Sony announces AIT-5

Posted on June 23, 2006


By Dave Simpson

—At the Storage World Conference in Long Beach, CA, this week, Sony announced the fifth generation of its Advanced Intelligent Tape (AIT) technology. AIT-5 packs 400GB per cartridge uncompressed (or 1.04 TB assuming 2.6:1 compression), which is twice the capacity of AIT-4 cartridges. However, the native transfer rate remains the same as AIT-4 at a maximum of 24MBps (or 225GB per hour with 2.6:1 compression).

"AIT-5 represents a re-positioning and a change in direction for AIT," says Bob Abraham, president of the Freeman Reports research firm. "Rather than try to continue doubling the transfer rate, Sony has stepped away from the LTO-SuperDLT war—which is a smart move."

When the announcement was made, Sony's OEM partners, including Cybernetics, Qualstar, and Spectra Logic, were on hand to pledge their support for AIT-5. OEM evaluation unit shipments begin next month, with volume shipments and end-user availability expected in October.

Michael Nixon, Sony's senior manager of OEM products, says that AIT-5 will resolve the incompatibility problems that plagued AIT-4. For example, AIT-5 is read/write-compatibility with previous generations such as AIT-4, AIT-3Ex, and AIT-3. In contrast, AIT-4 drives broke the backward-compatibility chain and were only read/write-compatible with AIT-3Ex media.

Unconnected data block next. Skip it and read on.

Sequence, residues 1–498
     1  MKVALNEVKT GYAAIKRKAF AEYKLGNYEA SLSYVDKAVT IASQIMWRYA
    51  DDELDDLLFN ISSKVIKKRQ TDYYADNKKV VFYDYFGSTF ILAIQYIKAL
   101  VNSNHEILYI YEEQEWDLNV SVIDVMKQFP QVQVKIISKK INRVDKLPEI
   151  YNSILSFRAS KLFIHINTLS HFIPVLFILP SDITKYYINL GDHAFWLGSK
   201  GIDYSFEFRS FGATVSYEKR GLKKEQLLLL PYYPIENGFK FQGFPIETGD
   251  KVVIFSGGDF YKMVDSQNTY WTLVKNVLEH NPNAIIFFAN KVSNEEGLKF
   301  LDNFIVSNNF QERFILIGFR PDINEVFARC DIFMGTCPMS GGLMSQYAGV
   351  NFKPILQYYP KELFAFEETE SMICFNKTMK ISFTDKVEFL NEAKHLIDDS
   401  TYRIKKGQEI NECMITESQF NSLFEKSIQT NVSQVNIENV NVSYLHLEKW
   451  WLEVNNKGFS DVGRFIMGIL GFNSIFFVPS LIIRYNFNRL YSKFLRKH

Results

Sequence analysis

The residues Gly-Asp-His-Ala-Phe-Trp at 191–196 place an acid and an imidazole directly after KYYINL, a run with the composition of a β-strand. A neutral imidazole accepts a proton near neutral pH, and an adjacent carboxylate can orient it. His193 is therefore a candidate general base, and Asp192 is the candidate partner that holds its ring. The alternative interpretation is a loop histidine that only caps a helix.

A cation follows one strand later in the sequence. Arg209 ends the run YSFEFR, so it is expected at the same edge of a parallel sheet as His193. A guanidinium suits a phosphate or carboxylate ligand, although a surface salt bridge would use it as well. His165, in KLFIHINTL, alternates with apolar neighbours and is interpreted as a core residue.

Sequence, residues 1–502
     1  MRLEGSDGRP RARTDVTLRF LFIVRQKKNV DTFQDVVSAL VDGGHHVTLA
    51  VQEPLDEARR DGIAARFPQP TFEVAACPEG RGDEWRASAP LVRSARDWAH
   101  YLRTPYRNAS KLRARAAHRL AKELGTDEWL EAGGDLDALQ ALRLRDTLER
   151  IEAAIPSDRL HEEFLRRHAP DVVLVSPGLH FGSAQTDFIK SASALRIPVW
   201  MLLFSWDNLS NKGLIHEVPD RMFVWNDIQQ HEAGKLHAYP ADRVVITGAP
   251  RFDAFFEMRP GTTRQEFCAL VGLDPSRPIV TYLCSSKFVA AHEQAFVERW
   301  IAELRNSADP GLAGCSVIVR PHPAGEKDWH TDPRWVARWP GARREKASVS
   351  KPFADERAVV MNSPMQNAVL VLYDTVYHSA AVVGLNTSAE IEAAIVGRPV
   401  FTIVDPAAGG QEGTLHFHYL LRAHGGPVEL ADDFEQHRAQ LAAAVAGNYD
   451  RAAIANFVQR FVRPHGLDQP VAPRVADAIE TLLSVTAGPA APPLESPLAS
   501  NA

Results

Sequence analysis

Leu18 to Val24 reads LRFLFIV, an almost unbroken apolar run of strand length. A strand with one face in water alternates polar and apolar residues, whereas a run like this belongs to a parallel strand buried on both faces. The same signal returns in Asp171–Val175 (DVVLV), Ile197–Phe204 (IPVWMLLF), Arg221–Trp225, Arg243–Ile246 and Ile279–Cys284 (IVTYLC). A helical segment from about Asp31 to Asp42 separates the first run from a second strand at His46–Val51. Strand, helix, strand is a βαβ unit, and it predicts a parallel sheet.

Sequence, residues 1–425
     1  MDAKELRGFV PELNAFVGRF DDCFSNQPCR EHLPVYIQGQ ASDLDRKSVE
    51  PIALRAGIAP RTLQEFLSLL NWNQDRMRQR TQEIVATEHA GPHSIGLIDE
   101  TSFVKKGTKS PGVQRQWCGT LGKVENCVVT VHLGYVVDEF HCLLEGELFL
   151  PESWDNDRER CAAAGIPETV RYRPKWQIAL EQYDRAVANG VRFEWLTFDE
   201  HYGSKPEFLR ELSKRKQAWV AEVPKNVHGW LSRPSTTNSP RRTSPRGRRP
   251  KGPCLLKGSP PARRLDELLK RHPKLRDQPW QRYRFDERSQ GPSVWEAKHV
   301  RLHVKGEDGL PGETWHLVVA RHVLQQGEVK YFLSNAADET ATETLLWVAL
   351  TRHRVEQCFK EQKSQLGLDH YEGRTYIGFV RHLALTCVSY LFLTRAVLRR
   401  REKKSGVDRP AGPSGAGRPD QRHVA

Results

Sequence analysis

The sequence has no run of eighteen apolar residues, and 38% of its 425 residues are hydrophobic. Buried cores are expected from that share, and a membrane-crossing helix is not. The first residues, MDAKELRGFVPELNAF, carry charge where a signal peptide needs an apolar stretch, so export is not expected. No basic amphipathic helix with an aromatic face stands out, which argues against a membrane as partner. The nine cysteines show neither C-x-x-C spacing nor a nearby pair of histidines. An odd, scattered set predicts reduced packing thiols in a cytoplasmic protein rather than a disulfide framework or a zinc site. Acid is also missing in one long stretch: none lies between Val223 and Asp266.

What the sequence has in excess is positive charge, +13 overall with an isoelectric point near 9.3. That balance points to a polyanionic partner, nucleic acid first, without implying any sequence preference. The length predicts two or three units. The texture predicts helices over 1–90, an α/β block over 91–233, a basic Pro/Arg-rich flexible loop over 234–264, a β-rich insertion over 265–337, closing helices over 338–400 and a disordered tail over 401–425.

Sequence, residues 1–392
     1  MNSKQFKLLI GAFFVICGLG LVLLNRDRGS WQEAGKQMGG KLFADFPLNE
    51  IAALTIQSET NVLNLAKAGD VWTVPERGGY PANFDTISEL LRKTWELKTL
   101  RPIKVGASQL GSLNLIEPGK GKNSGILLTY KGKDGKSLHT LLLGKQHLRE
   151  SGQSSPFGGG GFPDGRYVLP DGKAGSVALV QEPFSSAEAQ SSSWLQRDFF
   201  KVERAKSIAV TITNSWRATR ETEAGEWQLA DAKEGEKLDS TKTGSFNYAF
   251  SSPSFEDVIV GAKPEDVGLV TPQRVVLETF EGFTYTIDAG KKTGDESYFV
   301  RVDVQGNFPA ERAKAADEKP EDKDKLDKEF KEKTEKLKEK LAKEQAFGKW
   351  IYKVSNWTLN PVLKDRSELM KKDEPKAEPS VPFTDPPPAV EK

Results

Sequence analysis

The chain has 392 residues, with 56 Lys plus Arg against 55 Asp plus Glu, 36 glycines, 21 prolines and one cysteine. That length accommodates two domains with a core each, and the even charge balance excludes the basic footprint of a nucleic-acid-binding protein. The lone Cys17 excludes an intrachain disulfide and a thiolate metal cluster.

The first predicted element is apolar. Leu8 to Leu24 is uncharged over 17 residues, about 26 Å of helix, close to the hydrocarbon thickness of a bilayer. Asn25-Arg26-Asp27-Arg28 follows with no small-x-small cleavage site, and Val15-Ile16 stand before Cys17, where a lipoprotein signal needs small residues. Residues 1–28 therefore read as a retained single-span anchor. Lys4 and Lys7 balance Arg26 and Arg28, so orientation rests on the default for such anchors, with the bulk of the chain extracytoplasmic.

AIT-5 is based on many of the standard AIT technologies, such as an 8mm tape format with helical scan recording, a 3.5-inch drive form factor, dynamic tracking, Advanced Metal Evaporated (AME) media, a Remote-Memory-In-Cassette (R-MIC) chip, and support for write-once, read-many (WORM) functionality, which prevents overwriting, altering, or erasing data. However, the AIT-5 format marks the first time Sony has used magneto-resistive (MR) heads in its tape streamer products. These heads enable the higher capacity of AIT-5.

"AIT is a new technology platform, as opposed to an evolutionary step, with new media and head technology," says Freeman Reports' Abraham, "which will make it relatively easy for Sony to move to the next generation of AIT." Sony's road map currently includes a sixth generation—AIT-6—at a native capacity of 800GB per cartridge.

Sony officials hope that the AIT-5 format will stem—at least to a degree—the declining market share that the 8mm tape format has been experiencing. For example, Freeman Reports predicts a negative 11% compound annual growth rate for 8mm tape libraries over the 2005 to 2011 time period, representing a market share drop from 4.1% to 1.3% in terms of unit shipments in the overall tape library market.

AIT-5 drives are expected to initially be available with SCSI interfaces, with support for other interfaces to follow.

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